The Early Paleozoic: Major Expansions and Extinctions
By 0.57 Ga, Earth’s climate became warm, and the glaciers retreated. The continents were primarily low-lying deserts and alluvial plains. Rising sea levels encroached upon these areas and covered about 85% of Earth’s surface (today, water covers 71%). Without continental landmasses at the poles, oceans circulated freely, and ice formation was negligible.
Photosynthetic organisms, which had somehow escaped extinction during the severe glaciation of the Cryogenian, proliferated, and atmospheric O2 concentrations climbed to about 15%.  Multicellular organisms appeared. Again, this was not a coincidence. At higher O2 concentrations, parts of organisms could be situated deeper within the organism and still receive sufficient O2 to conduct aerobic respiration.  Also, the thicker ozone (O3) layer in the upper atmosphere afforded greater UV protection, so organisms could complete longer life cycles (a development analogous to rise of the ozone layer in the upper atmosphere during the Great Oxidation Event mentioned earlier in the chapter).
A rapid expansion of biological diversity known as the Cambrian Explosion becomes evident in the fossil could be situated deeper within the organism and still receive sufficient O2 to conduct aerobic respiration.  Also, the thicker ozone (O3) layer in the upper atmosphere afforded greater UV protection, so organisms could complete longer lifecycles. A rapid expansion of biological diversity known as the Cambrian Explosion becomes evident in the fossil record at about 0.54 Ga. More than 900 animal species, including representatives of all modern animal phyla, appear.  Earlier life forms may have been equally diverse, but they were soft-bodied and seldom left their mark in the fossil record. In contrast, Cambrian animals had shells or other hard body parts that left a stronger impression, and thereby these animals are better preserved as fossils in the rock.
A supercontinent, Gondwana, coalesced during the Cambrian period. This continent included the landmasses that comprise all the continents of today's Southern Hemisphere (Antarctica, South America, Africa, Madagascar, Australia–New Guinea, and New Zealand), plus two continents of today’s Northern Hemisphere (Arabia and India). As the Cambrian was ending, at about 0.51 Ga, Gondwana began to drift southward toward the South Pole.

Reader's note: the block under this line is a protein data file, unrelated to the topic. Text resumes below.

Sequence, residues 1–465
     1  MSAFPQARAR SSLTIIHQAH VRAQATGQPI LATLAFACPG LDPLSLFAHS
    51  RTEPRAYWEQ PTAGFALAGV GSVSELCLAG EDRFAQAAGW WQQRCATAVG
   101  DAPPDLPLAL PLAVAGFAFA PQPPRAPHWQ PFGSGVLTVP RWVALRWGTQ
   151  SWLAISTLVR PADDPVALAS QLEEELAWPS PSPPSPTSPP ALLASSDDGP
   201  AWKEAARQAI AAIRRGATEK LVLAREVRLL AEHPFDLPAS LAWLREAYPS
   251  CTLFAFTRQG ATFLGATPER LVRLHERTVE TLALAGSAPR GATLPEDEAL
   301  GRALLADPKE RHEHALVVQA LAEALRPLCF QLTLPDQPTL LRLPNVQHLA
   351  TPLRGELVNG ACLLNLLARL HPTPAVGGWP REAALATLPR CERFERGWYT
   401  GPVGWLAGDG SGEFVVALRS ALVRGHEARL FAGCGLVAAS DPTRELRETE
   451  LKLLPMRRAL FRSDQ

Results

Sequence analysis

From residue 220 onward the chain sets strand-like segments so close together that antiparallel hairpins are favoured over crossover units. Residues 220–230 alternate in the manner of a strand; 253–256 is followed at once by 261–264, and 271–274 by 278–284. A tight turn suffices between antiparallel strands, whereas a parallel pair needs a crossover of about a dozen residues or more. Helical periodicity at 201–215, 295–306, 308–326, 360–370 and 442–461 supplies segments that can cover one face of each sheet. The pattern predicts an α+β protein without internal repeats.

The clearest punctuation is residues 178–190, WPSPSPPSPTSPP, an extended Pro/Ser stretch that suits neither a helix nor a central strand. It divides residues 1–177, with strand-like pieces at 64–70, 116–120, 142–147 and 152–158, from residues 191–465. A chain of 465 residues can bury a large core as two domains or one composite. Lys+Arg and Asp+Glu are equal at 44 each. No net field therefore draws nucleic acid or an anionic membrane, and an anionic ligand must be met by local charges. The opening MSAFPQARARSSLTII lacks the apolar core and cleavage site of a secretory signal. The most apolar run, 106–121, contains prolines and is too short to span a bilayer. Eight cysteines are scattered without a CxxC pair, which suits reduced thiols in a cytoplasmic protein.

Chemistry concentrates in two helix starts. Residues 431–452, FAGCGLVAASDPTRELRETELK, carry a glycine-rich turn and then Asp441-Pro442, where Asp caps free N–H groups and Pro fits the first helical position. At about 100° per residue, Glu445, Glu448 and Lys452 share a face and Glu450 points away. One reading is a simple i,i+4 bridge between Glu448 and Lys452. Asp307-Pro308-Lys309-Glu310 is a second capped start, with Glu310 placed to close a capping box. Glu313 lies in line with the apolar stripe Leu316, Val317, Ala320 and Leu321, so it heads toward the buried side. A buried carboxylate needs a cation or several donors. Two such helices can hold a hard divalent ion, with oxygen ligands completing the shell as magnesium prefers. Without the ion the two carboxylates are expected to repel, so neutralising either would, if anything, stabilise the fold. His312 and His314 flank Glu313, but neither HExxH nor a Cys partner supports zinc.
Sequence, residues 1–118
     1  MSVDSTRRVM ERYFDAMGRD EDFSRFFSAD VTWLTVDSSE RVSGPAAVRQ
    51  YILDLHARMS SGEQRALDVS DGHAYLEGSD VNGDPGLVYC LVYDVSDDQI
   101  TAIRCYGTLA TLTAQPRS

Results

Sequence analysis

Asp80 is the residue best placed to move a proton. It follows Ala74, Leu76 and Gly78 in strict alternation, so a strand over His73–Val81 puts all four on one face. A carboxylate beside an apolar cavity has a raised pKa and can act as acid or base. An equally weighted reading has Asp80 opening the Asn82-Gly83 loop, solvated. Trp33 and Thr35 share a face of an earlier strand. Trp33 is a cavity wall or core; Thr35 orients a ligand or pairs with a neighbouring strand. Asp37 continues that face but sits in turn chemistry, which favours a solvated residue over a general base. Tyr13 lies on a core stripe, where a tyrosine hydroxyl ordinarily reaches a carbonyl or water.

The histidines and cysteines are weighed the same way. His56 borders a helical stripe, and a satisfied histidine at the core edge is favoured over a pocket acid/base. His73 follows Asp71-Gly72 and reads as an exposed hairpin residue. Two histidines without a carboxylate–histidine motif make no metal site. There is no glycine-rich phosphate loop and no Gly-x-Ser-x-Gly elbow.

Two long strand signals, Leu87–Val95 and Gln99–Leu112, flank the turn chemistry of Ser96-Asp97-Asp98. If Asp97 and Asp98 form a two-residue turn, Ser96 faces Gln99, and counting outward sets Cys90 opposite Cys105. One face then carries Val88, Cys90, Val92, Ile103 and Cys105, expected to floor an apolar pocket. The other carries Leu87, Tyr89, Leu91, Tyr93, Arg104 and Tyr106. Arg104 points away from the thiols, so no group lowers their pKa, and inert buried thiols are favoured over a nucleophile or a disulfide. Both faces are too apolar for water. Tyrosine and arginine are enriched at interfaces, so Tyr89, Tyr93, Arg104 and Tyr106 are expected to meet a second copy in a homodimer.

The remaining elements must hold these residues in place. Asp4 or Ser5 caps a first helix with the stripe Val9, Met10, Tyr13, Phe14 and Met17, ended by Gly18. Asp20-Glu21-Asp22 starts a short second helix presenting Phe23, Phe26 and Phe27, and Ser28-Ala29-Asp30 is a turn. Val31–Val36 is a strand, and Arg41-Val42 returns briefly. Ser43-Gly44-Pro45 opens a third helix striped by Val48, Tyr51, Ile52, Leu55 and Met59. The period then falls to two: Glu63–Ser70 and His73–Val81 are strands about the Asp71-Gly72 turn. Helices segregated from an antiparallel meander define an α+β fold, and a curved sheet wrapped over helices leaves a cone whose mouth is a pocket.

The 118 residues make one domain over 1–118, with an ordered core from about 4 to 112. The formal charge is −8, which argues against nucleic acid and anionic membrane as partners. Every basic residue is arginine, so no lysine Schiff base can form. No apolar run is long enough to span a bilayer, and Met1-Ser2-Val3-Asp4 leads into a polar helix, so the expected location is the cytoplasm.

The Ordovician–Silurian Extinction Event
Devastating mass extinctions occurred during the late Ordovician, at about 0.44 Ga.  All major life forms were affected. Approximately 85% of the species previously found in the fossil record disappeared.
The primary cause appears to be a brief glacial interval. Ice began to accumulate on the polar areas of Gondwana as the supercontinent slid southward. This initiated falling sea levels, a higher global albedo, cooler temperatures, and glaciation.
Geologists have postulated several additional contributing factors for the scale of the extinctions. One is that the sea-level decline was large, on the order of 50 meters to 100 meters. This would have drained the shallow seas that extended into the interior of land masses, resulting in a harsh climate at low and mid-latitudes. Low sea levels also could have activated deep ocean currents that aerated the seabed and brought up toxic materials from the depths.
 Berner, R. A. (2003) The long-term carbon cycle, fossil fuels and atmospheric composition. Nature 426:323-326.
 Budd, G. E. and S. Jensen (2000) A critical reappraisal of the fossil record of the bilaterian phyla. Biological Reviews 75:253-295.
 Marshall, C. R. (2006) Explaining the Cambrian "explosion" of animals. Annual Review of Earth and Planetary Sciences 34:355-384.
 Sheehan, P. M. (2001) The Late Ordovician mass extinction. Annual Review of Earth and Planetary Sciences 29:331-364.
This is an excerpt from the book Global Climate Change: Convergence of Disciplines by Dr. Arnold J. Bloom and taken from UCVerse of the University of California.
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